Canada-based HonkMobile showed an alternative solution for cities, universities, airports, etc., who struggle to justify the expense to upgrade their aging meter infrastructure. With HonkTap, they can post inexpensive stickers or signs on existing meters or nearby walls. Drivers tap their phone against the sign or scan a QR code to initiate a parking session and then pay for it using familiar mobile methods – all without the need for a meter or having to download a specialized app. Mobile phones provide the cloud-based connectivity infrastructure to track and manage all such enabled spaces. Those without smart phones can still pay at a kiosk. It’s an intriguing, almost disruptive concept.

Off the Beaten Path

Off-street parking (Photo credit: Regional Energy & Environment)

Off-street parking, on the other hand, encompasses parking lots and garages used for both short- and long-term parking. Regulating usage of these facilities requires specialized equipment known as Parking Access Revenue Control Systems, or PARCS for short. As with on-street parking, these once isolated islands of mechanical functionality are now data-driven, intelligent and cloud-connected. The ecosystem that supplies this equipment was well represented at the show.

Companies like FlashParking, IP Parking and Orbility manufacture parking gates, payment kiosks and ticket machines. RED LPR and Uncanny Vision Solutions, among others, offer License Plate Recognition (LPR) technology that automatically registers vehicles as they enter and exit to help manage access, billing and enforcement. Parking Sense and Frogparking showed parking guidance systems – those signs that tell you how many spaces are available on each parking level and then help you find one using a system of lighted stall indicators. All these systems offer APIs for aggregating data for remote management.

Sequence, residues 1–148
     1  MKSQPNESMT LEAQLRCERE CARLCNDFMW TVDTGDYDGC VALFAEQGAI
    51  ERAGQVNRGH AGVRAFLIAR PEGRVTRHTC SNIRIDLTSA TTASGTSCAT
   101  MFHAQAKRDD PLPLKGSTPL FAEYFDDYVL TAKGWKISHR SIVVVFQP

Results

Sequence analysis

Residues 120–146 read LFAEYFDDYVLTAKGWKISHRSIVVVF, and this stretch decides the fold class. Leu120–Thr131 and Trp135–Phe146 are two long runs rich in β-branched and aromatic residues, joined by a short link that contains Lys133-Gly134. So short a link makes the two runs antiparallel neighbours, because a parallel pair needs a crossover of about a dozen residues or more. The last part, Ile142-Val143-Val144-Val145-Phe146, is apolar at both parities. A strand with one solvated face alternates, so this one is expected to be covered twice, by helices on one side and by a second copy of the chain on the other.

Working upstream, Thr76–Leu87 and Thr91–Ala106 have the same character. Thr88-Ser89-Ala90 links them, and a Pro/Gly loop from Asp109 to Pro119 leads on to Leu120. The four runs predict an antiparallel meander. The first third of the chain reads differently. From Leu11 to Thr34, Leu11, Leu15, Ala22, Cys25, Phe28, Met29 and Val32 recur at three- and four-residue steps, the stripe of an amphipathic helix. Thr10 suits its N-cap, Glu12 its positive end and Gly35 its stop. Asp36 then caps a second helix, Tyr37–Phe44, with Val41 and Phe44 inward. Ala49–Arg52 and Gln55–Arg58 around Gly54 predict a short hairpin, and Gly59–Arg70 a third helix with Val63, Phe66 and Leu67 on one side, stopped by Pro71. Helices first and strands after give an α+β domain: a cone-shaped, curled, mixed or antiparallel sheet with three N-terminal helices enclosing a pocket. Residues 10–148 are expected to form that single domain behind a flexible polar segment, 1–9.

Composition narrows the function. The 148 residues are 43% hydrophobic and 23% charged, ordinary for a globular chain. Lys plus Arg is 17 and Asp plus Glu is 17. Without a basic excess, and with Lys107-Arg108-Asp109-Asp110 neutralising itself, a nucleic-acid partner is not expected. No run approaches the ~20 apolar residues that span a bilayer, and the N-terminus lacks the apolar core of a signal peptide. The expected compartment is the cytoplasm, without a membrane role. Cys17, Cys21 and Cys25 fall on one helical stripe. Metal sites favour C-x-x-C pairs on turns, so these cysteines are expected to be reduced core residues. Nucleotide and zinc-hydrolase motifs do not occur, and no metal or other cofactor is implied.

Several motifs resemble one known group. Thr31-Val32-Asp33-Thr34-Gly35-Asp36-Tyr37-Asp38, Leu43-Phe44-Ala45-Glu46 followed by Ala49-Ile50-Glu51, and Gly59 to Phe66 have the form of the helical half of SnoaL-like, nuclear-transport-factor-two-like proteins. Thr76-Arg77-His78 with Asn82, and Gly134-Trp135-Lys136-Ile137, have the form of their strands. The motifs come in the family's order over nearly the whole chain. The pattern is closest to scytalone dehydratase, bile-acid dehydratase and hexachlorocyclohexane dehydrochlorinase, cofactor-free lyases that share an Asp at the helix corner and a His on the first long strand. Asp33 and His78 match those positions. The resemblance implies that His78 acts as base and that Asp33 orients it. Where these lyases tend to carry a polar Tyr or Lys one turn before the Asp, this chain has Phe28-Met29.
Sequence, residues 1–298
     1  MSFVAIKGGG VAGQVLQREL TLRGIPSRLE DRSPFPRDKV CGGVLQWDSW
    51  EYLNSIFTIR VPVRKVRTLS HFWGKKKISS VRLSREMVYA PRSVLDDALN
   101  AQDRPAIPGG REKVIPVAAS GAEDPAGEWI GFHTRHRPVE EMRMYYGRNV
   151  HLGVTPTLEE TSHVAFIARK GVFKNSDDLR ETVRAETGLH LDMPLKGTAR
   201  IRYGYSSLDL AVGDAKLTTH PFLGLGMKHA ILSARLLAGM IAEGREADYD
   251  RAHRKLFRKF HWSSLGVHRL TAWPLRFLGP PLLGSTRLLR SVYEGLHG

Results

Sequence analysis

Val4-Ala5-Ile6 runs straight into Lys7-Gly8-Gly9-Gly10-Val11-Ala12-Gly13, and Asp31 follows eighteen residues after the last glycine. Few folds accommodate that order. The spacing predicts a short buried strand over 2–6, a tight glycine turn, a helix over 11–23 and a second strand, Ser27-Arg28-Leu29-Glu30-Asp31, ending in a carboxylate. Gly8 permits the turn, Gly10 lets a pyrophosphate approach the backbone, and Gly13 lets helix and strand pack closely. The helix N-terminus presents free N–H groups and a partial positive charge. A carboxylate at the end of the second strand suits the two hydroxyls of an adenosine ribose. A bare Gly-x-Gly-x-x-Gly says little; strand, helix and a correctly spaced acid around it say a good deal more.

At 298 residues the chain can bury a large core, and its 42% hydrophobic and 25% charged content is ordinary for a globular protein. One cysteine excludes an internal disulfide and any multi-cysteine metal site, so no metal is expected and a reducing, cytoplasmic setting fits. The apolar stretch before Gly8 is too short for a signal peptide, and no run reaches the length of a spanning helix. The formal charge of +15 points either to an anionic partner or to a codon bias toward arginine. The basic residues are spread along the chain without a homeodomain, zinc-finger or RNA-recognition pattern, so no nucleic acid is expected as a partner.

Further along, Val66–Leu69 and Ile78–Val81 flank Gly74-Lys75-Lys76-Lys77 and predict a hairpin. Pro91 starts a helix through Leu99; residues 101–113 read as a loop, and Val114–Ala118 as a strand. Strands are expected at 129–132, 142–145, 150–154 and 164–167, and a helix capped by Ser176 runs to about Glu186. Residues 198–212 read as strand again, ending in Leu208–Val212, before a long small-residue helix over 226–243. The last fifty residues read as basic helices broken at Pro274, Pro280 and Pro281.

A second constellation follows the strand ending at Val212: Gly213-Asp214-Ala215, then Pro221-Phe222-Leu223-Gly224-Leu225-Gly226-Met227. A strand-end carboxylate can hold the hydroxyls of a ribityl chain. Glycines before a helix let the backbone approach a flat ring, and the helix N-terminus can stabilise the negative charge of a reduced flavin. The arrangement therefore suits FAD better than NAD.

Many PARCS equipment manufacturers offer mobile apps that can be customized and white labeled for the specific park facility owner. These owners often sign exclusive agreements with the parking system provider. Fortunately, many of these parking technology companies are also making their data accessible to parking data aggregators like SpotHero and Arrive to help reduce the proliferation of apps needed to park in a specific geographic region. While that’s getting better, there is still a lot of room for improvement.

That Perfect Spot

It’s a dizzying array of companies and technologies that come into play when we park our cars today. And we haven’t even touched on parking reservations, payment providers, or the separate and equally complex ecosystem that supports charging of electric vehicles while they are parked.

At CloudCar, we research the market to access and deliver a solution for automotive OEMs through our cloud-based, in-vehicle infotainment platform to help drivers locate and pay for parking and charging as part of an overall driving experience. Our voice-first capability minimizes distraction, and our machine learning technology discovers a driver’s preferences and behaviors to provide intelligent, personalized and context-aware recommendations.

So, if you are still worried about how many parking engineers it takes to change a light bulb, don’t. We’re here to do that for you. To learn more about CloudCar’s solution, visit